Cook mushrooms, onions, and garlic in butter for about 30 minutes over medium-low heat, stirring occasionally, until the mixture is thick and the liquid from the butter and vegetables is almost syrupy.

    Add the salt, pepper, cayenne (optional), mustard, and wild mushroom powder.  Mix well and cook for 5 minutes.

    Slowly pour in chicken broth and sherry, stirring, and bring the soup to a simmer. 

    Whisk a few spoonfuls of the hot soup into the yolk/cream mixture to temper.  Slowly whisk yolk mixture into the soup and stir until thickened.

    *Wild mushroom powder:  Grind dried wild mushrooms in a food processor until powdered.

    Notes: Don’t rush on the tempering step!  Curdled eggs in your soup is not tasty.  Leftover tip- if there’s only a little soup left, reheat it with some extra cream to thin and use it as a sauce atop a steak or chicken.  This recipe originally came from Protein Power; I doubled the mushrooms.

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    Tomato Basil Soup

    Makes about 4 cups.

  • 4 tbsp butter
  • 1/4 cup chopped onion
  • 1/4 cup chopped celery
  • 1 clove garlic, chopped
  • 1/2 tsp salt
  • 2 14.5 oz cans diced or crushed tomatoes
  • 1/4 tsp ground pepper
  • 14-16 fresh basil leaves, sliced
  • 1/2-1 cup cream (to taste)
  • 1/4 cup shredded Parmesan cheese for garnish
  • 2-3 extra basil leaves for garnish
  • In a medium saucepan, melt butter over medium-low heat. 

    Add the onion, celery, garlic and salt.  Cook until vegetables are soft, stirring occasionally, about 5-7 minutes. 

    Add canned tomatoes, pepper, and basil and bring to a boil. 

    Lower the heat to a simmer and cook, stirring occasionally (tomatoes burn easily), for 15 minutes. 

    Remove the pot from the heat and puree soup with a hand-held immersion blender (or, in small batches, puree in a blender or food processor and return to the pot.)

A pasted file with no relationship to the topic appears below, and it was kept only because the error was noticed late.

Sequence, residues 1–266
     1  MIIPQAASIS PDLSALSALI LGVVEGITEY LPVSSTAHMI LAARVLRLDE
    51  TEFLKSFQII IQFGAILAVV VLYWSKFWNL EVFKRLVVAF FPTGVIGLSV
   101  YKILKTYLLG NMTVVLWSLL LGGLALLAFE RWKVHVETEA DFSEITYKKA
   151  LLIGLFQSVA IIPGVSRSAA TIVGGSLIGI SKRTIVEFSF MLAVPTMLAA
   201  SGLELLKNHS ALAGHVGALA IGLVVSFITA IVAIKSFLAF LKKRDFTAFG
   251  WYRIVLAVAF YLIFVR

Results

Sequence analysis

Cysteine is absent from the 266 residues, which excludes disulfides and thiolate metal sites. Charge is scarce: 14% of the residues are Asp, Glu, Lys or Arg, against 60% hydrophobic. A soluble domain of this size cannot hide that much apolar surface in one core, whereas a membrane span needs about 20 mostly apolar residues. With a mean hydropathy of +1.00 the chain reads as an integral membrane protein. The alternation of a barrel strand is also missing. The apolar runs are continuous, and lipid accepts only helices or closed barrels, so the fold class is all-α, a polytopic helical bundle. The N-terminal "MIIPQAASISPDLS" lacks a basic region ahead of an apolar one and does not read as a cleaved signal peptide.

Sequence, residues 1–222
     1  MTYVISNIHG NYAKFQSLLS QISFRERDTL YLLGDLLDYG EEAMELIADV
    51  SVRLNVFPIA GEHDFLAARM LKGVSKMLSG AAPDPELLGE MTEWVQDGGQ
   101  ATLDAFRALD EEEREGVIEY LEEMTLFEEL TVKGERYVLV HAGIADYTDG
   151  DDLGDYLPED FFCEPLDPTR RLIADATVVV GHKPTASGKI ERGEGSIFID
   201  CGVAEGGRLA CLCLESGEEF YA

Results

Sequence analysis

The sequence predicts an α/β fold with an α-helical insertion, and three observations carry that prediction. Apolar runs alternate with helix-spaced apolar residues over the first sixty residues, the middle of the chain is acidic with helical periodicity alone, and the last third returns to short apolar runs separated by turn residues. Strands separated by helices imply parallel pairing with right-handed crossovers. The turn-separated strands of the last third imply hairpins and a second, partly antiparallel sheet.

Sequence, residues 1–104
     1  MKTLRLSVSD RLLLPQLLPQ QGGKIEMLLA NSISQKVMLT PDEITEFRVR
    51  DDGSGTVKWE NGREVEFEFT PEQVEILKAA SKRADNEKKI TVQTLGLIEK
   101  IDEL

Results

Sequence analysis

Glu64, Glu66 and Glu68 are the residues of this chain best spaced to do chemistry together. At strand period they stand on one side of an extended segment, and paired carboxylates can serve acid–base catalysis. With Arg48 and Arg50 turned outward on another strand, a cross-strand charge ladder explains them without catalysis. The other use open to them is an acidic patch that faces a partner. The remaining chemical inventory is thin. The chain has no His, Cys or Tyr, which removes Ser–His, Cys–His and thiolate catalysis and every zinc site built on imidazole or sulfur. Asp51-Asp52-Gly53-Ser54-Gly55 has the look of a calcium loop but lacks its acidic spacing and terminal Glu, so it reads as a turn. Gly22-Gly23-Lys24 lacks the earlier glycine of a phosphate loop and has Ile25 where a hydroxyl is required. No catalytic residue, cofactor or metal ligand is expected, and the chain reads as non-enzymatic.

Add cream to taste and return to a simmer until warmed through.  Serve warm, with extra sliced basil and Parmesan cheese as garnish.

    Notes: Fresh basil really makes a difference.  Fresh basil can usually be found in the veggie cold case at the grocery store.

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    Posted by: Cailyn | January 3, 2011

    Cookies

    It’s hard to deal with a holiday season without cookies.  Everybody has a particular traditional holiday cookie, usually some cut-out and decorated cookies.  So, like the birthday cake recipe, I view this as one of my go-to recipes for a good time.  They’re not the same as cookies made with flour, but they’re delicious.  Made with almond flour, the cookies are more delicate (read: crumbly) than flour cookies.  They also don’t brown the same way as flour cookies.  This particular recipe uses sugar.  It’s only a small amount of sugar, but it’s there.  The process of “creaming” the soft butter and sugar together in the first step really makes a difference; creaming adds air into the dough by having the sugar pulverize the butter, making the final cookies lighter.  Not quite “fluffy,” but close.

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    Just remember, these are still dessert, even though they’re not made with wheat flour.  They’re great for the occasional treat, but don’t eat the whole batch by yourself!

     

    Plain Almond Cookies

  • 1/2 cup room temperature butter